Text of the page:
Washington, D.C. It’s the end of the traditional crib that has cradled millions of babies for generations.
The government outlawed drop-side cribs on Wednesday after the deaths of more than 30 infants and toddlers in the past decade and millions of recalls.
It was a unanimous vote by the Consumer Product Safety Commission to ban the manufacture, sale and resale of the cribs, which have a side rail that moves up and down, allowing parents to more easily lift their child from the crib.
The new standard requiring cribs to have fixed sides would take effect in June. The move by CPSC would also prohibit hotels and childcare centers from using drop-sides, though those facilities would have two years to purchase new cribs.
CPSC Chairman Inez Tenenbaum hailed the new standard for cribs as one of the strongest in the world.
“I believe these new standards will markedly reduce crib-related hazards and help to ensure that young children sleep more safely in their cribs,” Tenenbaum said after the vote.
Around for decades, drop-side cribs have come under scrutiny in recent years because of malfunctioning hardware, sometimes cheaper plastics, or assembly problems that can lead to the drop-side rail partially detaching from the crib. When that happens, it can create a dangerous “V”-like gap between the mattress and side rail where a baby can get caught and suffocate or strangle.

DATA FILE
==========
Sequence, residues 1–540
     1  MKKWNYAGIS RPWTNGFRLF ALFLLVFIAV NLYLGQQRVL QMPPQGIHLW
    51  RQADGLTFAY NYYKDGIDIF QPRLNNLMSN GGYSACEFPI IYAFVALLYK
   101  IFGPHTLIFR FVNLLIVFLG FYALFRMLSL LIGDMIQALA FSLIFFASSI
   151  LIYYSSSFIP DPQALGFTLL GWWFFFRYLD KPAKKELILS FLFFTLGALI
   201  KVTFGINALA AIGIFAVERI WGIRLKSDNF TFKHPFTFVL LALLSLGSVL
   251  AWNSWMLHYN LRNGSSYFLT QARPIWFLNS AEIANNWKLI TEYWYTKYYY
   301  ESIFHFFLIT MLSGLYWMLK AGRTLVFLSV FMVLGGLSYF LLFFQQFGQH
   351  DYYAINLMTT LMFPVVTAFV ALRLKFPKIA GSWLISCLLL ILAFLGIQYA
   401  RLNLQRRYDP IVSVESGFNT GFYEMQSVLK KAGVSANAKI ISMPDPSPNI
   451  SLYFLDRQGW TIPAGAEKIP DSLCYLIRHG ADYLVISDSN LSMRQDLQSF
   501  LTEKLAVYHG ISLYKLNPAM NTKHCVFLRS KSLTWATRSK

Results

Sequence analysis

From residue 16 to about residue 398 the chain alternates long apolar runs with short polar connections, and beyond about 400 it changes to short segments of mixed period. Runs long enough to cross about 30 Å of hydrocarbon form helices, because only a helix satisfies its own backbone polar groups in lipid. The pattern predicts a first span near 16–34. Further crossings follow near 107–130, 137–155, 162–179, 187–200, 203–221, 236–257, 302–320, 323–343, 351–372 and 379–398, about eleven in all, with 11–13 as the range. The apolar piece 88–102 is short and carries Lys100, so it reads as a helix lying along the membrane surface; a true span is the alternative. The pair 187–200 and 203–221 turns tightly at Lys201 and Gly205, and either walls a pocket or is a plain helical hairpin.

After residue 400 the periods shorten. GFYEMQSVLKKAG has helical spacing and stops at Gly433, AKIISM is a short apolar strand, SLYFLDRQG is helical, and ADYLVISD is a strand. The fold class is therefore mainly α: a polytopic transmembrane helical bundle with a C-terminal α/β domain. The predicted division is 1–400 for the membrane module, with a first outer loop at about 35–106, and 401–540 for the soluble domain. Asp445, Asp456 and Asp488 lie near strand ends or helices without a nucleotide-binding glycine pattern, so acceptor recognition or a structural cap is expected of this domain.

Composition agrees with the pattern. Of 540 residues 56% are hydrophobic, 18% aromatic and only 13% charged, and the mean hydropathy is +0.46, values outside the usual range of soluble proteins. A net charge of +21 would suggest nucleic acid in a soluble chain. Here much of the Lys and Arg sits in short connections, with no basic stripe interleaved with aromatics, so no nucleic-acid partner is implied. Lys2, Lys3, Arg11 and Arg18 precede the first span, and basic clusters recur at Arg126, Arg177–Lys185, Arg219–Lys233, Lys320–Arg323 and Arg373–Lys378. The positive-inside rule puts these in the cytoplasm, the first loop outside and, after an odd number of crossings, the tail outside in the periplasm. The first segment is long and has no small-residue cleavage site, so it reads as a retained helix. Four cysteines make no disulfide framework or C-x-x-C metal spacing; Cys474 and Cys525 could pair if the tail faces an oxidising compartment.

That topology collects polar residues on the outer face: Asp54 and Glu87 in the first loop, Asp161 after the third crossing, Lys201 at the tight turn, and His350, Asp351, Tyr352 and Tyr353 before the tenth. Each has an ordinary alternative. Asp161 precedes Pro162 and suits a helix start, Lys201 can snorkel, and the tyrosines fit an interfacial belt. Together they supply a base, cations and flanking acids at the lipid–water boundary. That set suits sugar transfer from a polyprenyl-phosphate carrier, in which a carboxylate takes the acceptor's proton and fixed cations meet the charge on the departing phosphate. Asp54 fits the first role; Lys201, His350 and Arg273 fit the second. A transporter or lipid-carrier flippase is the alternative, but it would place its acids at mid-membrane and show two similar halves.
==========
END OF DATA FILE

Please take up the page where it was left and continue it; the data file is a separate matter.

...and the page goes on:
In all, drop-side cribs have been blamed in the deaths of at least 32 infants and toddlers since 2000 and are suspected in another 14 infant fatalities. In the past five years, more than 9 million drop-side cribs have been recalled, including cribs from big-name companies such as Evenflo, Delta Enterprise Corp., and Pottery Barn Kids.
Michele Witte of Merrick, N.Y., lost her 10-month-old son, Tyler, in 1997 when the drop-side rail on his crib came loose, partially detached and then trapped his neck between the rail and the headboard.
“It’s been a long 13 years,” said Witte. “I feel like it’s a celebratory time because things are finally being done about the issue.”
Witte appeared at a news conference on Capitol Hill with Democratic Sen. Kirsten Gillibrand of New York, Rep. Jan Schakowsky, D-Ill., and Rep. Joe Crowley, D-N.Y., all of whom have pushed for stronger crib safety rules.
The new standard mandates tougher safety testing for cribs, tests that more closely mimic a child in a crib.